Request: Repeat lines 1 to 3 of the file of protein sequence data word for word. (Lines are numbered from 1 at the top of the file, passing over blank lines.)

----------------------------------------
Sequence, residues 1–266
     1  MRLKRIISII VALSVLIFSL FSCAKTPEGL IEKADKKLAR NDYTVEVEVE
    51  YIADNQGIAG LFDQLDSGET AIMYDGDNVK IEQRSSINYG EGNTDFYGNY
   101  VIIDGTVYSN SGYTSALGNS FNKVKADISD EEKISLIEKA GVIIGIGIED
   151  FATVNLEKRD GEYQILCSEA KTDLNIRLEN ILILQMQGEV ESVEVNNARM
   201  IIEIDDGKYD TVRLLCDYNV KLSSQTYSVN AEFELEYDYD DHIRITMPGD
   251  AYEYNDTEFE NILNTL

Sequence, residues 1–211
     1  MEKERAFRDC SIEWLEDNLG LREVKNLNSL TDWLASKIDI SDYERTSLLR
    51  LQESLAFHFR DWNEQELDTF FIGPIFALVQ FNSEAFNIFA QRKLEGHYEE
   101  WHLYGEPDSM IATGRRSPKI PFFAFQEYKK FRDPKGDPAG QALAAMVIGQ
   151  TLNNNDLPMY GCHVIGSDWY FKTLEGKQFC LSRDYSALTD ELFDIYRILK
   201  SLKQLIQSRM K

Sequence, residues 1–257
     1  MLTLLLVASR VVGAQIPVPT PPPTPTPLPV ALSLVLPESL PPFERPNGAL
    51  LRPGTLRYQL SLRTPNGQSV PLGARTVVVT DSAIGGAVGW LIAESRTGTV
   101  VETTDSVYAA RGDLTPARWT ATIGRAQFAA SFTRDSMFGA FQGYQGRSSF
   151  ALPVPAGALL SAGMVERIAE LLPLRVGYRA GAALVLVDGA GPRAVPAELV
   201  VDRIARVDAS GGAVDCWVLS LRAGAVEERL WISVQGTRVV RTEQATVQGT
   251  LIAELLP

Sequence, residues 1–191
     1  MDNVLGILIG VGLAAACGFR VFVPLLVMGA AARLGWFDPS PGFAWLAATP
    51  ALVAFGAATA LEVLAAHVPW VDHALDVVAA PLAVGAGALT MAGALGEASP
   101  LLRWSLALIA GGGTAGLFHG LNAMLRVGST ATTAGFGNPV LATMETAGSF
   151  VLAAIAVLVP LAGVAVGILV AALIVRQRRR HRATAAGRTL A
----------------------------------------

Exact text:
Sequence, residues 1–266
     1  MRLKRIISII VALSVLIFSL FSCAKTPEGL IEKADKKLAR NDYTVEVEVE
    51  YIADNQGIAG LFDQLDSGET AIMYDGDNVK IEQRSSINYG EGNTDFYGNY